northwest. This will also result in a cooler overnight, especially
as the dew points drop into the 40s for much of the region by
daybreak. Low temperatures are mainly a MOS continuity blend.

Short term 6 am Tuesday morning through 6 pm Tuesday
An upper-level trough across the northeast will keep some cyclonic
flow in place, while a ridge begins to build into the central great
lakes. Surface high pressure centered near the central great lakes
will build or extend toward our area through the day Tuesday. The
combination of some cold air advection, a pressure gradient present
and deeper mixing will result in a breezy day. The airmass looks
rather dry, therefore while plenty of sunshine is expected there may
be some boundary layer heating driven stratocumulus.

High temperatures are a MOS continuity blend, however some of the
model guidance 2-meter temperatures are a few degrees colder. Given
the stronger offshore flow, a sea breeze is not expected and
therefore not much difference in temperatures from the coast to just
inland.

Long term Tuesday night through Monday
Overview...

a rather stagnant big picture pattern remains in place for the
duration of this week and into the holiday weekend. It is the
familiar beat of "trough in the west, ridge in the southeast", and
the mid-atlantic sitting near the edge of the ridge. This pattern
will continue to favor periodic storm systems lifting out of the
plains and midwest, with occasional shower and storm chances in our
area as these lows lift off to the northeast. Timing the
disturbances is tricky given the vast amount of upstream convection
which tends to play havoc with the guidance. Tuesday night through
Wednesday look to be reliably dry with high pressure in control.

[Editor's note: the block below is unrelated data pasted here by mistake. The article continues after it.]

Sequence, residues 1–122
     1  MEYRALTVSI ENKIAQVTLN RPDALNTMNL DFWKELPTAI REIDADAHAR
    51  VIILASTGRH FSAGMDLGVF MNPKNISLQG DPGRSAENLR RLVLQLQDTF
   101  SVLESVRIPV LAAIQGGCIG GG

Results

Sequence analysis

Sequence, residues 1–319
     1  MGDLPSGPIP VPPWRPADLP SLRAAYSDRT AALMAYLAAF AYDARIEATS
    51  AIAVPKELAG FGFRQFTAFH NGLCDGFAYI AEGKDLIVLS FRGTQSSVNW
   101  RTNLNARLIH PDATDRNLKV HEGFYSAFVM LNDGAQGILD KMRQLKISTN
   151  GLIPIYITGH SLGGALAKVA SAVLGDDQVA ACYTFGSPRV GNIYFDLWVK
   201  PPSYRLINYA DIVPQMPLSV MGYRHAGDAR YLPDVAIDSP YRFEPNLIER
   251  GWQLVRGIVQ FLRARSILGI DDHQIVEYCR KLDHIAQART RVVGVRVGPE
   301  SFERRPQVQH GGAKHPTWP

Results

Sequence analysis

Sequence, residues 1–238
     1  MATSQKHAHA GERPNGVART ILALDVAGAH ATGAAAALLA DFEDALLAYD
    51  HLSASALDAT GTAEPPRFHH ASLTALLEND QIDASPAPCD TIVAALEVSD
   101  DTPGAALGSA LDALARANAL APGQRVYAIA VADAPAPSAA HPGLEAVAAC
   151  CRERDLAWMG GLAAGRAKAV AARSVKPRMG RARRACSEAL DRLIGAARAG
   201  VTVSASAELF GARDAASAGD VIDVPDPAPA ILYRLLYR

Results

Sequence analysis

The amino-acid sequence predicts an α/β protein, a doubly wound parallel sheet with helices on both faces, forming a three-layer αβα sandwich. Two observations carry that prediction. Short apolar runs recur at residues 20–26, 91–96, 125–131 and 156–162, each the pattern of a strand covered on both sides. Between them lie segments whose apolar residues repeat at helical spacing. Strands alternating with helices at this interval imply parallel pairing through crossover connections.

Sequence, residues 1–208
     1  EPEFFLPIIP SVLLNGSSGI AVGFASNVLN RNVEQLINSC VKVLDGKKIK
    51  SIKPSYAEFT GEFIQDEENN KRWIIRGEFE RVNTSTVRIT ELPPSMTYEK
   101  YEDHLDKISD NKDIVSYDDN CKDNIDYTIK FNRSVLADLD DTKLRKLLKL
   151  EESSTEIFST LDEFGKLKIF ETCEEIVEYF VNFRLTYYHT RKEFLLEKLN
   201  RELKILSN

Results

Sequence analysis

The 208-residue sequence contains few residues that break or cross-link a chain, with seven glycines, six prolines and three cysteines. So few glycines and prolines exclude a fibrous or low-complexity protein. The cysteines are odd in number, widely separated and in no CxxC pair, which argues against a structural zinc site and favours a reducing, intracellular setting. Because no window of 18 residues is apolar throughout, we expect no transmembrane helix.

Thursday evening stands out as a more likely opportunity for showers
and storms, with probably another chance towards Saturday. The
Thursday system should be watched, as the environment late in the
day Thursday looks rather conducive to severe weather. Shower and
storm chances for the weekend currently look more garden variety as
the next low center likely passes further away from us, reducing
forcing.

The other issue will be our temperatures. The expansive southeast
ridge will favor intense, sustained summer heat to our south, but it
is less clear cut as to how firm a grasp the warmth will have over
us. With multiple frontal passages and a frequently varying wind
direction, there are likely to be some ups and downs and some local
variations, such as on Saturday when onshore flow will likely keep
the coast cooler. Overall, however, we are likely to be above normal
for temperatures most of this period.

Dailies...

Tuesday night-Wednesday... This portion of the forecast is
straightforward, as high pressure moves across the area and ensures
dry and seasonable weather.

Wednesday night-Thursday night... A warm front should move through
Wednesday night, setting up what could be a rather active 24 hours
of weather. High uncertainty as to how it all plays out, as there
will be precipitation risks with both the Wednesday night warm front
and the cold front that will approach by Thursday night. For
Wednesday night into Thursday morning, looks like scattered showers
with possibly some elevated thunderstorms. We should dry out
Thursday afternoon, with temperatures getting into the 70s to near
80. Rain chances then go up again for the evening and overnight. Low
pressure, with a trailing cold front, will track eastward through
the great lakes then turn southeasterly as it rides along the top of
the ridge. Concern is that if enough instability is present, we
could have strong to severe storms given wind fields really
intensify as the low pressure makes its turn to southeasterly.

An evening or overnight MCS event appears possible. Given it's
still a few days away, will hold off on more detail for now.

Friday... Most indications are that this should be a dry day in
between systems as we are on the periphery of high pressure.

Temperatures near to above normal, except cooler at the coast with
an onshore component developing in the wind.

Saturday... The daytime period on Saturday looks dry, as retreating
high pressure should still lend us protection for most of the day. A
cold front will be approaching from the west by late day and evening
as another low moving out of the plains tracks up into ontario. This
may bring a shower and storm risk towards the evening, especially to
the west. Not overly concerned about strong storms here, as flow
will be onshore Saturday, keeping things stable. This will also keep
temperatures Saturday a little cooler than the upper air charts
would suggest, especially at the coast, though it should be plenty